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In 1838, lovely governess Elisabeth agrees to bear a child of anonymous English landowner, and he will in return pay her father's debt. At birth she, as agreed, gives up the child. Seven ... See full summary »
Anna is a young and elegant wife of Mr. Karenin, who is wealthy and old. She meets the handsome Count Vronsky. Anna and Vronsky fall in love with each other, and he comes to be with her in St. Petersburg. They are very happy together and make a great looking couple, but soon their happiness gets under social pressures. Anna is hopelessly begging Mr. Karenin for a divorce, but he wants to keep the mother of their child. She has another baby born from her lover Vronsky. Conflict between her untamed desires and painful reality causes her a depression and suicidal thoughts.Written by
In the 70's, producer Carlo Ponti had also wanted to make a Russian co-production starring his wife Sophia Loren to be directed by George Cukor. See more »
During the movie, title cards inform the viewer that the story arch unfolds in the years 1880 to 1882 - yet at the end of the movie Vronsky leaves to fight in the Russo-Turkish war of 1877- 1878. See more »
Written by Pyotr Ilyich Tchaikovsky (as Peter Ilyich Tchaikovsky)
Performed by The St. Petersburg Philharmonic Orchestra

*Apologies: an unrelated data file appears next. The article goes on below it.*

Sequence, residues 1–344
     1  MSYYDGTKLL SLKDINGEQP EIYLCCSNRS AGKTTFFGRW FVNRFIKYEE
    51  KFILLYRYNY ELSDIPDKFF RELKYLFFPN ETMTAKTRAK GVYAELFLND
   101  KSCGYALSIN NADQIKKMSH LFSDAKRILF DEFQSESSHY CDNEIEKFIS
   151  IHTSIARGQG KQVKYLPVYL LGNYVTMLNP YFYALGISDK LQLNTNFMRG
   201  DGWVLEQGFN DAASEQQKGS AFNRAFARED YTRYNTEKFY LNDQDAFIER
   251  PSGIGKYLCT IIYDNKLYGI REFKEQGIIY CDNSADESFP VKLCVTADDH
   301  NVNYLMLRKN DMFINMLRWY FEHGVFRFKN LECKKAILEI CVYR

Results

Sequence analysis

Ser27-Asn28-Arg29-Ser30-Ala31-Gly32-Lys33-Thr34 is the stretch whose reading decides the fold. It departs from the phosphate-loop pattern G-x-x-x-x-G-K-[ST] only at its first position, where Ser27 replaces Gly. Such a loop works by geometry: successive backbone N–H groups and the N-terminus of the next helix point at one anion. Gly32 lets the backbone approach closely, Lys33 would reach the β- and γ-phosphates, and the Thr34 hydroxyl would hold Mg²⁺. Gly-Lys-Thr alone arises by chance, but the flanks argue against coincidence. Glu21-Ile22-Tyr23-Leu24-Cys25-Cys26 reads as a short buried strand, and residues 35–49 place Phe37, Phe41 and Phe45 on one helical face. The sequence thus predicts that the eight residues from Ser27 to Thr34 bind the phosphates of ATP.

Conducted by Georg Solti (as Sir Georg Solti)
Courtesy of Icon Records and London Records See more »
Visually gorgeous, sympahetic characters and lovely music. Liked it better than the book..
Visually, this film is gorgeous. Sophie Marceau is perfect as Anna and Alfred Molina also shines. Sean Bean, known for finding the humanity in the worst of characters, is the most likeable, sympathetic and attractive Vronsky I have seen. He does not portray the transformation of the selfish, spoilt, wealthy and aristocratic mother's darling into a deeply remorseful, more mature individual who learns that there is a price to pay for taking whatever you want and you had better consider the price worth it. A pity as the contrasting story of Levin (Alfred Molina) and his unselfish devotion to Princess Kitty requires that the point be made. You reap what you sow. Similarly, James Fox is too tolerant and long-suffering as Karenin. Tostoy's Karenin is a self-important bureaucrat who disguises his revenge on Anna as piety. HOWEVER...maybe not be accurate Tolstoy but the sheer niceness of all the characters makes one care far more when tragedy strikes than I ever did when I read the book. Gorgeous music also.
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